Joining A Startup? Top 6 Questions You Should Ask

Joining A Startup? Top 6 Questions You Should Ask

In most of my experience with startups, I've been either a founder or an advisor to the founding team.  As such, I've generally been on the hiring/recruiting side of the equation.  It continues to amaze me how often people fail to ask the really important questions before joining a startup.  They get a lot of the basics (compensation, benefits, vesting, roles/responsibilities, etc.) right – but often fail to hit some of the important topics that are peculiar to startups.  

The reasons people don't ask the critical questions can be broadly categorized as:  "I didn't even to think to ask that" or "I would have liked to know, but didn't think it was appropriate to ask".

Here are the things that I think all individuals looking to join a startup should know about the startup before joining – but are in many cases, not asking.  I'm going to stay away from the standard questions that most people already know to ask and focus instead on the questions that often go unasked.  Note:  I'm not suggesting that you ask these questions "point blank".  I'm trying to really just surface the areas that should be covered in your discussion.

Top 6 Questions People Fail To Ask Before Joining A Startup:

  1. Will the founders get along when the going gets tough?  I think it's critically important to know what the background/history of the founders is.  How did they meet?  Have they worked together before?  What brought them together for this specific opportunity?  Too many startups fail not because of market forces, but because the founders simply could not agree on important issues.  You should ask questions to get to the heart of whether the founders are likely to get along.

  1. Will you get along with the team?  Startup teams are usually a very close-knit group.  There's nowhere to hide.  If you don't get along with just about everyone there, life is going to be hard.  Most recruits will determine whether they respect the founders and other team members (in terms of experience, accomplishments, intelligence, etc.) but just as important as all of this stuff is the simple question of:  "Do I like these people?".  If you can't see working along side them for 60+ hours a week for several years, think twice.

  1. What's the history of the basic idea?  What other ideas were assessed and discarded?  I get worried if the idea being pursued is too fresh and green.  Often the founders have not yet had a chance to really think through the idea fully yet.  Often, it takes a fair amount of "refinement" for most people to really settle-in on an idea that they are going to pursue seriously.  I'm leery of startup teams that come up with an idea in week 1 and start "recruiting" in week 2 because they're so enamored of their idea and can't wait to get started  This is almost always bad news. If I were joining a startup, I'd like to know how the founding team arrived upon the idea they're pursuing now (chances are, they went through several others before getting to this one).  Don't get me wrong, there's nothing wrong with being involved in a startup when it's very young – I'm just cautioning that you need to know what the status is and be prepared to have the overall direction shift on you pretty dramatically in those first few months.  Rarely have I come across a startup that can successfully think of a single idea very early in the game and then doggedly pursue that idea (and succeed).  I'd prefer seeing the openness to consider multiple ideas and pick the best one.  On a related note, it helps a lot if all of the founders are pursuing the same idea.  You'd think that this would always be the case, but it's not.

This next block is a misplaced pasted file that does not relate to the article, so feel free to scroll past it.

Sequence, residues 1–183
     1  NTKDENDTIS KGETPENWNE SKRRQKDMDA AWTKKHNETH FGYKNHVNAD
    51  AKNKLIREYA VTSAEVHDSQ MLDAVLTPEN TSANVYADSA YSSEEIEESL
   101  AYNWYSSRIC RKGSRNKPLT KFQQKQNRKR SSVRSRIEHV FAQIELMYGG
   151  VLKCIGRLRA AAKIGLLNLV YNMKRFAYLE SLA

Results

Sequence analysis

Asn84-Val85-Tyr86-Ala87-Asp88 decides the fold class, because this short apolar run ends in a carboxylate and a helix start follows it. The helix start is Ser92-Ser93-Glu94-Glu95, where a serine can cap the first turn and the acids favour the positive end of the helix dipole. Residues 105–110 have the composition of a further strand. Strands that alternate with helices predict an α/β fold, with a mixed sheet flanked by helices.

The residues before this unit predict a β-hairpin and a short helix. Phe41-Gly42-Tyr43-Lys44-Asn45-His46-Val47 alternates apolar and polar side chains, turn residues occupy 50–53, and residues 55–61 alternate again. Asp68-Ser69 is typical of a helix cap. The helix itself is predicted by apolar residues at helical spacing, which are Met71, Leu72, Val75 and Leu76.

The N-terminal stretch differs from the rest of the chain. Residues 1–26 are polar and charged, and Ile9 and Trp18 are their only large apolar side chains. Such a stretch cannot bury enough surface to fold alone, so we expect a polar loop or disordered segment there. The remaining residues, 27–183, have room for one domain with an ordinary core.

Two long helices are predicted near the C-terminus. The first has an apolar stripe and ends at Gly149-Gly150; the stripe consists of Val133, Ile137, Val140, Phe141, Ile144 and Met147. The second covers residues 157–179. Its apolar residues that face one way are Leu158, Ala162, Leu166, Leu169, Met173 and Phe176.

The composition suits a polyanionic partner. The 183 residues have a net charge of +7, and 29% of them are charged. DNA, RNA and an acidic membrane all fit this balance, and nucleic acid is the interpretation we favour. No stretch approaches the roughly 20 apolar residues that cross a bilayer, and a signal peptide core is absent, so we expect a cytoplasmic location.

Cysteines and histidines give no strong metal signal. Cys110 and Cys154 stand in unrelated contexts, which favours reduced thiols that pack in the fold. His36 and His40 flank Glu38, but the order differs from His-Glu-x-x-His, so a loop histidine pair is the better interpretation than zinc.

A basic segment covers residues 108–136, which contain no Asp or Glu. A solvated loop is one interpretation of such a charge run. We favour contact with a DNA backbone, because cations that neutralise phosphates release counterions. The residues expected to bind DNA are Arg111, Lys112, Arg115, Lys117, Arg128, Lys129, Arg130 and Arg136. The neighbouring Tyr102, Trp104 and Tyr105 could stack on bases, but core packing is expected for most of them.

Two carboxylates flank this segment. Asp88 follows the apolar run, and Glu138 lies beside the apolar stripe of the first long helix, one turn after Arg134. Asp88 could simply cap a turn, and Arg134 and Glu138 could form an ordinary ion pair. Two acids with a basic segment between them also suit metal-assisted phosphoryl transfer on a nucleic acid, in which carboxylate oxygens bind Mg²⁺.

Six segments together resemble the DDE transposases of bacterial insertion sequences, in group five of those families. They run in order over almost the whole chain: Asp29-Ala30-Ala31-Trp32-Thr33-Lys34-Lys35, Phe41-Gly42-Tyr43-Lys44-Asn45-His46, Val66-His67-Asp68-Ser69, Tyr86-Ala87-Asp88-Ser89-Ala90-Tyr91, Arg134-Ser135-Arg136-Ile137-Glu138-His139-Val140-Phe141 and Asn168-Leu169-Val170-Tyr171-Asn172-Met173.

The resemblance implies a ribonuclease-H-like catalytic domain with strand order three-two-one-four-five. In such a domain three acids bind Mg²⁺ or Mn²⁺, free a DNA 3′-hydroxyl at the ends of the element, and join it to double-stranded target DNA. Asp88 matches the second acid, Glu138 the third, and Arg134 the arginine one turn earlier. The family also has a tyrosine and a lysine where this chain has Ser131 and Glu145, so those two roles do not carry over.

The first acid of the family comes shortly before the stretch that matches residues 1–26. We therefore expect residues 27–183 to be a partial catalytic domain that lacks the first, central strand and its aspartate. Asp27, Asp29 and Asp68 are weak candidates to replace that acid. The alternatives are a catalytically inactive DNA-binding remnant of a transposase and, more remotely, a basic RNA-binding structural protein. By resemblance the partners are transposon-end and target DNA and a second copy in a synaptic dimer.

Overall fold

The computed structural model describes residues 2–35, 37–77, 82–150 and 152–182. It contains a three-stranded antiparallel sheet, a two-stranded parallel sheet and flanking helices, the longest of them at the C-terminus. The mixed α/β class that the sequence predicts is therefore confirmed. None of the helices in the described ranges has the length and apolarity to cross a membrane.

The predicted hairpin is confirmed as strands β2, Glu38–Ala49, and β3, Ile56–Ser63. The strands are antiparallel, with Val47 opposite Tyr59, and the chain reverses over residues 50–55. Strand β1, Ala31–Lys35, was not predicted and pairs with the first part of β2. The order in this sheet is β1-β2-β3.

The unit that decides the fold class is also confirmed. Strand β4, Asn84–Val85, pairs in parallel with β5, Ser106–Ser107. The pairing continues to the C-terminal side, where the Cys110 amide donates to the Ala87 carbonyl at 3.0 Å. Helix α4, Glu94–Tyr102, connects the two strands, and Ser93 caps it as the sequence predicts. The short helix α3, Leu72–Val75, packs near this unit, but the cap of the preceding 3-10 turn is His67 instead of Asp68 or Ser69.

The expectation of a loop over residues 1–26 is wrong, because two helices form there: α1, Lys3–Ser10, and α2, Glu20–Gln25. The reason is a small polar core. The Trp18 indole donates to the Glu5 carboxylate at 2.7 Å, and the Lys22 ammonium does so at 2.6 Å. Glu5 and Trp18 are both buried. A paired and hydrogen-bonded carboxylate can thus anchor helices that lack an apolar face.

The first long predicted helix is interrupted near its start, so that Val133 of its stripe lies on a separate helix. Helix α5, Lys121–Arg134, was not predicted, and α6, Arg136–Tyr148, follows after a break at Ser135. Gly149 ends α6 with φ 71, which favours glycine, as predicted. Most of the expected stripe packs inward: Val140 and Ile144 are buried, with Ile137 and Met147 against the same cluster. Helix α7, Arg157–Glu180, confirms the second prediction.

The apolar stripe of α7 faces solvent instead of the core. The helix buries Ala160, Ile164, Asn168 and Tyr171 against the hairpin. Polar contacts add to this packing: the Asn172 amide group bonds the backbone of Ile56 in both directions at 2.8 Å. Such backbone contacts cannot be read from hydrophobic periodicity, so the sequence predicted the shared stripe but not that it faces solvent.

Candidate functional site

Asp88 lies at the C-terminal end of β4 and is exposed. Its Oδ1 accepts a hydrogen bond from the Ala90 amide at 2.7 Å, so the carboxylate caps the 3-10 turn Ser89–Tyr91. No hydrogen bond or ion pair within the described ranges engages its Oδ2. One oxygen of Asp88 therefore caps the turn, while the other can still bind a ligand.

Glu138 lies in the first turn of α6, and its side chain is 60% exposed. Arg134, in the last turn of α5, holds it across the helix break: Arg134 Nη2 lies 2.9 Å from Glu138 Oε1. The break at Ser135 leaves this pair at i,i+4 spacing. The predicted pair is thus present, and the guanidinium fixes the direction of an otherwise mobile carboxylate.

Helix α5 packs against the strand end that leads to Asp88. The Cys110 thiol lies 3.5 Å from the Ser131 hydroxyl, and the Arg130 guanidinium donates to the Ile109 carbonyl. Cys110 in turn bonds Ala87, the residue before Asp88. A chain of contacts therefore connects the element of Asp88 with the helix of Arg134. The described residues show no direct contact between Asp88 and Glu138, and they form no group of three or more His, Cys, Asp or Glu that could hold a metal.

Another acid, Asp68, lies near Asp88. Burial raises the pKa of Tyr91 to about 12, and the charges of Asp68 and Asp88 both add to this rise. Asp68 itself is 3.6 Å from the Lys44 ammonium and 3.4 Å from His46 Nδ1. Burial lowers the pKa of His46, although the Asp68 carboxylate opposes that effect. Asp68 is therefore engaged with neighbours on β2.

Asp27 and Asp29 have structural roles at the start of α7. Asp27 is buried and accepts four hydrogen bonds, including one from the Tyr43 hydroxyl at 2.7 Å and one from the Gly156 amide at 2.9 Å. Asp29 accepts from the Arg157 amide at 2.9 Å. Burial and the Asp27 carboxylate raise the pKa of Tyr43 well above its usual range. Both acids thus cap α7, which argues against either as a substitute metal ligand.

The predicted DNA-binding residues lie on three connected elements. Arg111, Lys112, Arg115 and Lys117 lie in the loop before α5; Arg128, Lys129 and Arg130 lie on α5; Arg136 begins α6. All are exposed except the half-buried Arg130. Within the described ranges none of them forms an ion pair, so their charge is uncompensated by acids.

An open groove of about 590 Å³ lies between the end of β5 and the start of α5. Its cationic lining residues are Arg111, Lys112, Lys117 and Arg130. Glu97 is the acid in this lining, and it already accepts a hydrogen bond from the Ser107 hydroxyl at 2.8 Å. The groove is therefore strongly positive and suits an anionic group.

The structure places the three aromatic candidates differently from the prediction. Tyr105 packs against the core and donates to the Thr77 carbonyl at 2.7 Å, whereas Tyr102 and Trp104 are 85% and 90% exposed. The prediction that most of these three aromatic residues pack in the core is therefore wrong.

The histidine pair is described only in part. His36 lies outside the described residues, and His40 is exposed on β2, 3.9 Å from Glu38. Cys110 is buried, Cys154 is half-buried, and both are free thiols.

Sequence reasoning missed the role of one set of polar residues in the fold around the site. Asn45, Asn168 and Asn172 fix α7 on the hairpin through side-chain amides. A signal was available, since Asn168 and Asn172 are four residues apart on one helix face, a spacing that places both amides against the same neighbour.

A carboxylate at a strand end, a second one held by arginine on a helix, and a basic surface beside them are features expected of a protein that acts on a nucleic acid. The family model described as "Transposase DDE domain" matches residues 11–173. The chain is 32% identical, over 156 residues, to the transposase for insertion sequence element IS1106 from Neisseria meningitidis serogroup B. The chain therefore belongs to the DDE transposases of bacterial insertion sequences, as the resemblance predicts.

1. How much cash is there, where did it come from and how long will it last?  If a startup is venture-backed, it shouldn't be too difficult to find out who the investors are and how much capital was raised.  In most cases, this information is publicly available (some press release was likely issued) and if not, it is not inappropriate to ask.  For bootstrap and self-funded startups, this line of questioning can be a little uncomfortable.  If you're squeamish about it, then you can revert to the:  "What are the capital-raising plans for the company?  Do you expect to bring in outside investors?  If so, when?  This will give you a sense for where the company stands.  One thing to remember:  There is no real substitute for cash in the bank.  Though the fact that  "we have several investors that have expressed interest" is good, it will not pay the bills.